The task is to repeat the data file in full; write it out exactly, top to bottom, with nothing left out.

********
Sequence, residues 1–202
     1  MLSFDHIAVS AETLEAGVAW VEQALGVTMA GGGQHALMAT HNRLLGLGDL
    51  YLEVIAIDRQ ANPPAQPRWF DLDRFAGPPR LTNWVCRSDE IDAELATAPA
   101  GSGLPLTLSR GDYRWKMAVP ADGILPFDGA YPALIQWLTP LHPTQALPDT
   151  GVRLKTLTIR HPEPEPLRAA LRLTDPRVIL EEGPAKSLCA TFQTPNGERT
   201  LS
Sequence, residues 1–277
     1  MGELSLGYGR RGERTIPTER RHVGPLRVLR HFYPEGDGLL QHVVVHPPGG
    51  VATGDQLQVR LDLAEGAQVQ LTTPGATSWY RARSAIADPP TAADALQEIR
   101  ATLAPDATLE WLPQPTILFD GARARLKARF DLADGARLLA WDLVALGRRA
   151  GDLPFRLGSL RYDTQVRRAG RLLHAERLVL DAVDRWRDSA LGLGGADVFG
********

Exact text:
Sequence, residues 1–202
     1  MLSFDHIAVS AETLEAGVAW VEQALGVTMA GGGQHALMAT HNRLLGLGDL
    51  YLEVIAIDRQ ANPPAQPRWF DLDRFAGPPR LTNWVCRSDE IDAELATAPA
   101  GSGLPLTLSR GDYRWKMAVP ADGILPFDGA YPALIQWLTP LHPTQALPDT
   151  GVRLKTLTIR HPEPEPLRAA LRLTDPRVIL EEGPAKSLCA TFQTPNGERT
   201  LS
Sequence, residues 1–277
     1  MGELSLGYGR RGERTIPTER RHVGPLRVLR HFYPEGDGLL QHVVVHPPGG
    51  VATGDQLQVR LDLAEGAQVQ LTTPGATSWY RARSAIADPP TAADALQEIR
   101  ATLAPDATLE WLPQPTILFD GARARLKARF DLADGARLLA WDLVALGRRA
   151  GDLPFRLGSL RYDTQVRRAG RLLHAERLVL DAVDRWRDSA LGLGGADVFG